When I first unpacked the Endurance parka, sent to me to wear on my Antarctic trip, I doubted that a coat so light could keep me warm. Tested to minus 30 degrees Celsius, it weighs a mere 960 grams and, as I found when I packed it in my small suitcase, it compresses down to a mere 2 litres. But keep me warm it did, both on a freezing deck in gale force winds and overnighting on the Antarctic mainland.
The Endurance parka's secret is the technical nature of its components. British made (in Manchester), its shell is a durable, waterproof Japanese fabric that kept off the spray as our ship butted through the restless South Atlantic waters. Insulation comes from 100% pure European goose down: no feathers here; it's all down. All this combines to make an extremely light but warm parka that's made to the same quality as the bespoke coats made by Shackleton for polar exploration.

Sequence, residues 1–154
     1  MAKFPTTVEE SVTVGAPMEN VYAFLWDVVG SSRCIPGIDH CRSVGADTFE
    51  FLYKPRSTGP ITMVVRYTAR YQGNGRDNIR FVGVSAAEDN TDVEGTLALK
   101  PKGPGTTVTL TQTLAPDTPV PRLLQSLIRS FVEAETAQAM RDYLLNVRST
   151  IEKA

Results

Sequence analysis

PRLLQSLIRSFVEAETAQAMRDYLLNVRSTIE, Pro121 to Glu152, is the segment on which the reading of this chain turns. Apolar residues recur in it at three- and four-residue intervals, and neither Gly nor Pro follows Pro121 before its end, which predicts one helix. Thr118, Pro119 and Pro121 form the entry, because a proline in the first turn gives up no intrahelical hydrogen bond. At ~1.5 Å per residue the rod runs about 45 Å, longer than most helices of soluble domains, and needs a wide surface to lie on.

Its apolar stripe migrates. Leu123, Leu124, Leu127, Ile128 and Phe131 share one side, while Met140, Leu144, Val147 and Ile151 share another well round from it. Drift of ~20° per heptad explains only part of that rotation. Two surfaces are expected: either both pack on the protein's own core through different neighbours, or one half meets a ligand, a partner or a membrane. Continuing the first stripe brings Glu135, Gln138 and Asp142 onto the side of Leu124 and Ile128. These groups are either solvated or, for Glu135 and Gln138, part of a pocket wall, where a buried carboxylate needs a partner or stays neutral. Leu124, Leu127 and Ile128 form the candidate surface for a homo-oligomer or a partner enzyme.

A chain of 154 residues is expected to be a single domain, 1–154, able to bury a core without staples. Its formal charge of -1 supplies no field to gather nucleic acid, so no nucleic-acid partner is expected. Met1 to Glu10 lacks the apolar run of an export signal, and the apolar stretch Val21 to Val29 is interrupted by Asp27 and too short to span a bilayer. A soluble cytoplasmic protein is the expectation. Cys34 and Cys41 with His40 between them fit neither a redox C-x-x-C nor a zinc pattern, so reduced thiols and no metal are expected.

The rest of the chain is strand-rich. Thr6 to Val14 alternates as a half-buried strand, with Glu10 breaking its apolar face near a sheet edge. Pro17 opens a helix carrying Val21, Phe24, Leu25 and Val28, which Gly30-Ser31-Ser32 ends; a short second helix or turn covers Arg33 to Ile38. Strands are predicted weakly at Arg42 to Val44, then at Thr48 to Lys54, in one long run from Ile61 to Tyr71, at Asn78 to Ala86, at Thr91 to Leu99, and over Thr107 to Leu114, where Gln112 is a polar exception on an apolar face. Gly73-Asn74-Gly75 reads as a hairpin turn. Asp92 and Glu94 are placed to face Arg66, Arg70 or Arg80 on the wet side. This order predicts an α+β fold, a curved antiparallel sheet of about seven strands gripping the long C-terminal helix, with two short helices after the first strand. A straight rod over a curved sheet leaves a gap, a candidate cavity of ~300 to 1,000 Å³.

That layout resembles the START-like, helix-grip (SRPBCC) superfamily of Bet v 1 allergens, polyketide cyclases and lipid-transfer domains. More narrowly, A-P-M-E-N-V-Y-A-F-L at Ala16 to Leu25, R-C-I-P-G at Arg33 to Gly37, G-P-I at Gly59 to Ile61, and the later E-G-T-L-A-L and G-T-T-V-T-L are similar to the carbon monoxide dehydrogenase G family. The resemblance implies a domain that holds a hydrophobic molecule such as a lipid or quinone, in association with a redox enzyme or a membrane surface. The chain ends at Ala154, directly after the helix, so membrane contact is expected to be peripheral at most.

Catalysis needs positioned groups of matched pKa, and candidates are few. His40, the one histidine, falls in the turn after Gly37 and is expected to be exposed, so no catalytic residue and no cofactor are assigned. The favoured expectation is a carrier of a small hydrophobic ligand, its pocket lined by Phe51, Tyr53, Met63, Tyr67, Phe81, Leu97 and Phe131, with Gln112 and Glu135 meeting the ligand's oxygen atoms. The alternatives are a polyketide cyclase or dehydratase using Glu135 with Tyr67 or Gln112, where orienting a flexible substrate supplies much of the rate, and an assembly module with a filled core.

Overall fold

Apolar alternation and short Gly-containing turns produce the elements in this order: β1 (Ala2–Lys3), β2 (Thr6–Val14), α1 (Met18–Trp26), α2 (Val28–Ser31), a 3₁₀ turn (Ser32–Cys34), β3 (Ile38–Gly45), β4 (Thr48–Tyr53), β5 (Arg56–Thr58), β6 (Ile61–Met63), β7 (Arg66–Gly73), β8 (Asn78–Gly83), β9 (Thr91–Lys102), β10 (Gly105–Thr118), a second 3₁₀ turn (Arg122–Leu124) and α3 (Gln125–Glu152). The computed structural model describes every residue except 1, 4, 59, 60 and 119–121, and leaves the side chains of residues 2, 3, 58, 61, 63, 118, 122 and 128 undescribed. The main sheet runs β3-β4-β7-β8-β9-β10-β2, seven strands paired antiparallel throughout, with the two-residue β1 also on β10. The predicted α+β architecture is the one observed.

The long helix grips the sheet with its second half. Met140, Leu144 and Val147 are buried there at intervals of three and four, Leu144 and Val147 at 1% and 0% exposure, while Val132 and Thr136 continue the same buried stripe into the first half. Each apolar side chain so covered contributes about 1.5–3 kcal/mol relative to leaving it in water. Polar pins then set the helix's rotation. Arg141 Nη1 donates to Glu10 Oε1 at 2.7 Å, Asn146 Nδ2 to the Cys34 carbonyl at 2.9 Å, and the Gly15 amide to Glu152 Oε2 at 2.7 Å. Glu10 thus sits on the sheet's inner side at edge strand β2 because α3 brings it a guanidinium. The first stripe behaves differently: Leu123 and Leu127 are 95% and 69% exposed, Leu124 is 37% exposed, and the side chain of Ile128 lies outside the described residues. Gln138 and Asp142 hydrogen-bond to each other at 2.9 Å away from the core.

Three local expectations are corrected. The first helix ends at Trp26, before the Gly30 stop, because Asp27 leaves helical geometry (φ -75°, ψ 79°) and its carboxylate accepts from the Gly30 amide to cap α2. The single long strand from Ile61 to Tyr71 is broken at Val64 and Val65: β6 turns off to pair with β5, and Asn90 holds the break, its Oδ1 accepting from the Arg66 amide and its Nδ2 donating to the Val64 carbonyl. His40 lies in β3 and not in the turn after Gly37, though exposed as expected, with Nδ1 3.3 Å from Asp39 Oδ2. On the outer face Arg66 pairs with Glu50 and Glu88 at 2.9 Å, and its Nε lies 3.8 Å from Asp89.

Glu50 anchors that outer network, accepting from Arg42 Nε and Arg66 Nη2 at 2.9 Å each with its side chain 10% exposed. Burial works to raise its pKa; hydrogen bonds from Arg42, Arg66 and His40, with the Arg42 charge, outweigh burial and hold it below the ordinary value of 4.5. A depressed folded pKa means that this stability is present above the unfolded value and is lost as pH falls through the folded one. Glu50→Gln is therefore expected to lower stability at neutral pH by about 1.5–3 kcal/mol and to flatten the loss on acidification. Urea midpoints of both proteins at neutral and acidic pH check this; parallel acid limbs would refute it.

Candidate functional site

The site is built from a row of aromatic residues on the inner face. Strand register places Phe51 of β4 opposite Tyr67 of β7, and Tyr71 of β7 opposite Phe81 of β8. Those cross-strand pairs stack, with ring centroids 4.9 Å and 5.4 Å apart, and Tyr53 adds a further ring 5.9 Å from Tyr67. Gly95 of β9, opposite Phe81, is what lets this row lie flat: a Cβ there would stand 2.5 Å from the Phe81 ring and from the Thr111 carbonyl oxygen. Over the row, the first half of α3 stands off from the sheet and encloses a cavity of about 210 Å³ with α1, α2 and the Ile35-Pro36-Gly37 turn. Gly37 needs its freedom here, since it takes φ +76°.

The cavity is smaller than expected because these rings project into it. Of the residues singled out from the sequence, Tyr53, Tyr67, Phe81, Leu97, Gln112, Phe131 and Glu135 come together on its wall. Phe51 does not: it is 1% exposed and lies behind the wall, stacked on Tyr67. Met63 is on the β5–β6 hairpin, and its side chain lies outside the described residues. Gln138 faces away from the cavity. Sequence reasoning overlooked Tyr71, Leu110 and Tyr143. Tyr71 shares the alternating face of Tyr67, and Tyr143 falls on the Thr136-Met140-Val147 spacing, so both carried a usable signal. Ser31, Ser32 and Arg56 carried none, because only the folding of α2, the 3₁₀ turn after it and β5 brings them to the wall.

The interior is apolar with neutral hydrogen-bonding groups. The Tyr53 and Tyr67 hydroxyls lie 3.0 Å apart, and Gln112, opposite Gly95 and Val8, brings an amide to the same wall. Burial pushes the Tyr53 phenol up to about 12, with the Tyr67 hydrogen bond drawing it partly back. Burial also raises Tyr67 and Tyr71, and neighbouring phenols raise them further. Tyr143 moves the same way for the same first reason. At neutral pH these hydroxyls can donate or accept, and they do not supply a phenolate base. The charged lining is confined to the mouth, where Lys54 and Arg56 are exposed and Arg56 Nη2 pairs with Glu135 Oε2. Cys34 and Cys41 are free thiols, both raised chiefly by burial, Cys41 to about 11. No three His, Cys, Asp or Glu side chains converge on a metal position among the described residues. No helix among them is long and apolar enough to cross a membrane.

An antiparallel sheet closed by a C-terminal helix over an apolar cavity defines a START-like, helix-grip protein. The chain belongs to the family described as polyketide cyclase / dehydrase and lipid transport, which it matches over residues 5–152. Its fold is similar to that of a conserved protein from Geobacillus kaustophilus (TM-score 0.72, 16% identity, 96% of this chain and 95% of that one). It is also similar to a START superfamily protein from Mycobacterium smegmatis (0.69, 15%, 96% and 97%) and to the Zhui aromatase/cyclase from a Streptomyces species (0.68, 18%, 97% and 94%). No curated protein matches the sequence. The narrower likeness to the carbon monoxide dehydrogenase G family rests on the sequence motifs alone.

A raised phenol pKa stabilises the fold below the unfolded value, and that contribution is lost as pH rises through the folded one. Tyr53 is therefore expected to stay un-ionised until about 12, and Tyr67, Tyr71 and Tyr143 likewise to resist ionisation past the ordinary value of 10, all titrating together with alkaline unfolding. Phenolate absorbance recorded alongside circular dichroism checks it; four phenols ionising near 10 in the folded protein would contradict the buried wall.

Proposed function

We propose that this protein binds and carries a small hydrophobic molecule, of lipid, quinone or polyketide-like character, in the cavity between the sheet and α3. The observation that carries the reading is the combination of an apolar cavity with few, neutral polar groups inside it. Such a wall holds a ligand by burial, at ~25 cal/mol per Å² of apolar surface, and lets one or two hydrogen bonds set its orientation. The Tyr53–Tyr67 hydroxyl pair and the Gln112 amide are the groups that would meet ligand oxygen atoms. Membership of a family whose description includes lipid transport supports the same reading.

For me, this is an investment piece that will deal with any conditions, with the added benefits of looking and feeling extremely stylish and comfortable. I wear it whenever the temperature drops to around and below freezing (it's getting a lot of use at the time of writing) and, for the first time, have found a coat that I've never felt cold in.